Speaking and Listening

Remember it!

Remember it!

  • Speaking is about presenting information and ideas and backing them up with non-verbal techniques.
  • Listening is about the purpose and meaning of other people’s speech. You can then use this understanding to construct a response to their argument.
  • The subject refers to what you are talking about.
  • Research is the key to delivering great speaking and listening assessments. Use your research to find points to make about your subject and back them up with evidence. Think PEA (Point, Evidence, Analysis)
  • The order of an essay is Introduction, First Point, Second Point, Third Point then Conclusion.
  • Persuasive techniques can also be used in speaking and listening. These include alliteration, rhetorical questions, repetition, emotive language, threes and personal pronouns.
  • ABC stands for Articulation, Body Language and Content
  • Articulation is about controlling your pitch and volume, tone, accent and the clarity of your voice.
  • Pitch refers to how low or how high your voice is.
  • The volume of your voice means how loud or quiet it is.
  • The tone of your voice depends on the emotion you are trying to convey
  • Accents are often influenced by the groups which people belong to, such as their nationality, region or social class.
  • The clearest speakers are often the ones people will listen to the most simply because it means that they have to work less to understand what is being said.
  • To develop a clear speaking voice, the best thing to do is to practise by reading out loud.
  • Body Language includes the position of your body, your eye contact and the gestures you use. Gestures include pointing, nodding and rolling your eyes.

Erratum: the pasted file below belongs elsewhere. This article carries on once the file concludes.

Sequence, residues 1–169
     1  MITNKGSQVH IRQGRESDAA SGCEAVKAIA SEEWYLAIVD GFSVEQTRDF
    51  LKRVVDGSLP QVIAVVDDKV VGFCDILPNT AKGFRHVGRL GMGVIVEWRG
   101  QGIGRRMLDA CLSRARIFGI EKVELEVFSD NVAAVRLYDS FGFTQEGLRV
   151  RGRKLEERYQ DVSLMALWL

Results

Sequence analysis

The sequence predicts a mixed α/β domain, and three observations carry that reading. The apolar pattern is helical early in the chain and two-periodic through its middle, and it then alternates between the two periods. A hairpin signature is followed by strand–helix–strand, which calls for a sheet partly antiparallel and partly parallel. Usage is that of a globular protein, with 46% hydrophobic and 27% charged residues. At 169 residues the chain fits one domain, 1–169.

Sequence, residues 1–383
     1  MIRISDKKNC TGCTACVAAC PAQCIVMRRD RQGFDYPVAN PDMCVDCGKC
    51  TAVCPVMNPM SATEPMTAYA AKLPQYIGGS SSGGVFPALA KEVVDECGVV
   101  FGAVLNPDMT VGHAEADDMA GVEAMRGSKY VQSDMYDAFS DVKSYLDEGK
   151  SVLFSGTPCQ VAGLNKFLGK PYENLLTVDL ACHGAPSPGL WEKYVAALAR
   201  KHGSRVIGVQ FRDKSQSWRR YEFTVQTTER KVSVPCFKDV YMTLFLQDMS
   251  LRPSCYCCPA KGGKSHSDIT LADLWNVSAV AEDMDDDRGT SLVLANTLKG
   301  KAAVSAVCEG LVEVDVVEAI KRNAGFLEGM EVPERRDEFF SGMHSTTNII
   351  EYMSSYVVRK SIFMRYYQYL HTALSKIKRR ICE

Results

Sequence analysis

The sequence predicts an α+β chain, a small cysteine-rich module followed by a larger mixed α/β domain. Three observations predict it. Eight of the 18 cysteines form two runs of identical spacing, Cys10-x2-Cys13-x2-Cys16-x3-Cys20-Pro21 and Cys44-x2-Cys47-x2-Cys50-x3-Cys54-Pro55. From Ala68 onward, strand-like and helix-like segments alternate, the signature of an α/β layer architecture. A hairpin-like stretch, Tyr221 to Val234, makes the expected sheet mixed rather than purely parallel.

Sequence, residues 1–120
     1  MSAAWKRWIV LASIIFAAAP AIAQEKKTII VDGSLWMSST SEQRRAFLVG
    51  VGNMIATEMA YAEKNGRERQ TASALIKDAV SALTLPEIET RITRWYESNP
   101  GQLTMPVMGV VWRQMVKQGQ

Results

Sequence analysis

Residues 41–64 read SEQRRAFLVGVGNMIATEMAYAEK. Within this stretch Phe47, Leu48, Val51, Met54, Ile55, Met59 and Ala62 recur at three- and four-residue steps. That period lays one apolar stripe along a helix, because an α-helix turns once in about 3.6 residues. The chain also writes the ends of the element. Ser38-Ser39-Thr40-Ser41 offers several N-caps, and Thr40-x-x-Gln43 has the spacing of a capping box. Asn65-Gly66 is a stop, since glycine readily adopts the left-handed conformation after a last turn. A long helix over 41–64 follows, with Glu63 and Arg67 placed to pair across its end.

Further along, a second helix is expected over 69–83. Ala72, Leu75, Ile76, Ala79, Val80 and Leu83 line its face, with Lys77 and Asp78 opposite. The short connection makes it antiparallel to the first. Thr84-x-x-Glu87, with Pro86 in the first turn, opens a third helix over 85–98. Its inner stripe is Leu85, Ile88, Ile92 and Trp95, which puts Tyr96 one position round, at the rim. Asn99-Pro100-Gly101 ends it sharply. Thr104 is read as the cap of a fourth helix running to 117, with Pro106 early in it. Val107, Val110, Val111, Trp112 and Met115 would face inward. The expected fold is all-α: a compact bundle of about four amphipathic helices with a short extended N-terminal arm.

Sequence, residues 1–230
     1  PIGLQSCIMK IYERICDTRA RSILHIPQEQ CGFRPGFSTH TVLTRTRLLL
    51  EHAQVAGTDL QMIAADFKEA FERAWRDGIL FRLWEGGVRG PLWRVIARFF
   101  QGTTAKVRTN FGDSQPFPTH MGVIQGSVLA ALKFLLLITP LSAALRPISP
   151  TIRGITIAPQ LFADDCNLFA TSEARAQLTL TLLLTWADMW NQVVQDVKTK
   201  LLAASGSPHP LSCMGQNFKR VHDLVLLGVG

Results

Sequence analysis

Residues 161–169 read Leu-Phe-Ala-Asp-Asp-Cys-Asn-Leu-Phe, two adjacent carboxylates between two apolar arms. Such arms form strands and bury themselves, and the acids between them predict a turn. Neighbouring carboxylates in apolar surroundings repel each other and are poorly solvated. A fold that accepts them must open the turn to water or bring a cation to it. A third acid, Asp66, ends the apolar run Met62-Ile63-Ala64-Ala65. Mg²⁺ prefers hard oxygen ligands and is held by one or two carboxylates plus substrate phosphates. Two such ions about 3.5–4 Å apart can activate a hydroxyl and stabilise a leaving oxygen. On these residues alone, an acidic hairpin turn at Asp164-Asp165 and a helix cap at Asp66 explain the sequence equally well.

• For content, you can use visual aids and Powerpoints to grab the audience’s attention and keep them listening.
  • The presenting assessment is about communicating information and adapting language to fit with a target audience.
  • When presenting, you should consider articulation, body language, accent, slang and content.
  • In the discussing and listening assessment, you need to you interact and respond to other people rather than simply about how you talk and present your points. This assessment is about listening to other people and having a conversation.
  • The role-playing assessment requires you to take part in a discussion whilst maintaining a character’s persona at all times.
  • The best way to prepare for the role-playing assessment is to research the subject and your character thoroughly so that you understand their personality and what drives them to act the way they do and follow their beliefs.
  • The only want to get a good mark in your Speaking and Listening assessments is to be brave and talk.